Dog Hole Cave, Haverbrack
In 2010-11 a team of academics and cavers led by Hannah O’Regan excavated a small portion of Dog Hole Cave, Haverbrack, Cumbria.
It is close to the town of Milnthorpe, and was excavated by J. Wilfrid Jackson in 1912 and by a group of Boy Scouts including Don Benson and Keith Bland in the 1950s (See Wilkinson et al. (2011) for further details).
Following extensive radiocarbon dating they have established that the site was used from the latest Iron Age/earliest Romano-British period, through to the Medieval period.
Non-human animal remains were deposited throughout, while all of the human burials date to the Roman-British period. Most surprising was the discovery in 2011 of the foreparts of a horse, probably representing an entire animal, which has been buried at the base of our excavations. Alongside the horse were a large number of foetal and neonatal bones, including humans, puppies, calves, lambs and piglets. Above this were a larger number of adult human burials, all dating to the later Roman period.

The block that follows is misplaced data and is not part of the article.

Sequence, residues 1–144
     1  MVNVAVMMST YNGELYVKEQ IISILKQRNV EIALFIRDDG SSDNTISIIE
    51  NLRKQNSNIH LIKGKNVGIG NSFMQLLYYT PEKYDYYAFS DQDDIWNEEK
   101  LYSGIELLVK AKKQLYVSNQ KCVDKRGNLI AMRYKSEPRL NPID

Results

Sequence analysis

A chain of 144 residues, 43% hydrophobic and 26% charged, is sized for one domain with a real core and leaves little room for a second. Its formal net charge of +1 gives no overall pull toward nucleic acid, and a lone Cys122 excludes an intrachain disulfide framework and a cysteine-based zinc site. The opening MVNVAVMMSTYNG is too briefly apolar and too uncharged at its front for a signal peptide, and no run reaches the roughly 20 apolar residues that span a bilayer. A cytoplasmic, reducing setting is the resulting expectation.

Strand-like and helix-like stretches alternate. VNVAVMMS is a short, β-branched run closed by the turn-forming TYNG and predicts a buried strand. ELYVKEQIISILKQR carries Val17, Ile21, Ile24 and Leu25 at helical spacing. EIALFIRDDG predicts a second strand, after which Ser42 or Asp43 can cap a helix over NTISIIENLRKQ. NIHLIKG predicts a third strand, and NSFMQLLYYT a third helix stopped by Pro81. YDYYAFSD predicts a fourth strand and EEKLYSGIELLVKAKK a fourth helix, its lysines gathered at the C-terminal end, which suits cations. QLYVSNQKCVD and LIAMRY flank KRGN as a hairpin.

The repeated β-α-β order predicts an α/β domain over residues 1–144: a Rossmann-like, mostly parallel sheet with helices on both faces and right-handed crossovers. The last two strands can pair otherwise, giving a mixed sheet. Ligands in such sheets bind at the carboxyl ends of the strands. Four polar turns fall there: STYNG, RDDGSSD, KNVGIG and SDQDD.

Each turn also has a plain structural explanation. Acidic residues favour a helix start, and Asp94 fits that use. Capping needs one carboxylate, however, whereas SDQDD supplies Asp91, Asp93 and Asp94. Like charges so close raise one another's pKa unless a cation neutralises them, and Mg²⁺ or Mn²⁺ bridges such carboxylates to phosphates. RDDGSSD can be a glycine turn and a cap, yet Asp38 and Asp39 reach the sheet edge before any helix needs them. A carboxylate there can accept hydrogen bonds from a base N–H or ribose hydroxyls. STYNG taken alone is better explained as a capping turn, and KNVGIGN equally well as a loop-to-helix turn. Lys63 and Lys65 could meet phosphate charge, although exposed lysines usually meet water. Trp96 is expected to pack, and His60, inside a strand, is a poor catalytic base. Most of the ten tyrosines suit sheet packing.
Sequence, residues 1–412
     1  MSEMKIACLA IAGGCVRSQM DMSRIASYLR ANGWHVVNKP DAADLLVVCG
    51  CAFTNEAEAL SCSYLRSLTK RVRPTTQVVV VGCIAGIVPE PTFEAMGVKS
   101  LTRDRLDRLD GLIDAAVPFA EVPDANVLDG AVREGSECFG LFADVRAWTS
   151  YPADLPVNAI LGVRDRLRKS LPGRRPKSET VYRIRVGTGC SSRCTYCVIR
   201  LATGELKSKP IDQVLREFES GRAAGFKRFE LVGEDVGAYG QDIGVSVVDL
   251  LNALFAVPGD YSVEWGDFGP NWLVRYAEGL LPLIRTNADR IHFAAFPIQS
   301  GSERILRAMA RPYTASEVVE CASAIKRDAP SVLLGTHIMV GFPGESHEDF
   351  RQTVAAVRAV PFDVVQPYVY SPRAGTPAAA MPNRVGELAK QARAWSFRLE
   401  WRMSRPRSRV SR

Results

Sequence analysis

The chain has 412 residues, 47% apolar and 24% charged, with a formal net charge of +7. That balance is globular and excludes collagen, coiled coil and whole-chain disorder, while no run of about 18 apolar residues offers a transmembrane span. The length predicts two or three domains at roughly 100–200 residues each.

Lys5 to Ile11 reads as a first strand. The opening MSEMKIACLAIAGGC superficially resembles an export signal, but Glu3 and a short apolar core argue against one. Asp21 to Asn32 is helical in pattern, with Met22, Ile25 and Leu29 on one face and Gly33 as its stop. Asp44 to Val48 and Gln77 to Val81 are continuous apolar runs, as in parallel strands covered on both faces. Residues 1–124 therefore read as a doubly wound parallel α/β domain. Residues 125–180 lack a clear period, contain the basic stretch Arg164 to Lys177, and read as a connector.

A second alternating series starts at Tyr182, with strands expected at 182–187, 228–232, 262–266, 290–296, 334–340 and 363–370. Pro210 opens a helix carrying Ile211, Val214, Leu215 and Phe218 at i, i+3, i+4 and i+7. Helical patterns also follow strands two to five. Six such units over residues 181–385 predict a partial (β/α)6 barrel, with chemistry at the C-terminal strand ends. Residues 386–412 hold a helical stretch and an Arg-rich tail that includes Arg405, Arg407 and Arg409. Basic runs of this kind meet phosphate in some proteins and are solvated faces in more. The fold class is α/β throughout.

There were very few grave goods and only two fragments of pottery. The grave goods are very similar to those that might be found in burials from Roman York or Chester, and are rather unexpected in a rural site in Cumbria. This lead the team to wonder if the habits of urban Roman Britain were exported to more rural areas by retiring soldiers. Following a round-table discussion of specialists at Nottingham in July 2017, they’re now writing the work up for publication.
The team are also sampling the teeth of eight humans for Strontium and Oxygen isotopes, thanks to a grant from the British Identities: from the Archipelago to the Globe (BICCAG) Research Priority Area. This will let them see if the people buried at the site were local, or may have come from further afield. They have already tested the horse, and it is consistent with having grown up in the local area.
O'Regan, H., Bland, K., Evans, J., Holmes, M., McLeod, K., Philpott, R., Smith, I., Thorp, J., Wilkinson, D.M. (2020). Rural life, Roman ways? Examination of late Iron Age to late Romano-British burial practice and mobility at Dog Hole Cave, Cumbria. Britannia 51: 83-116.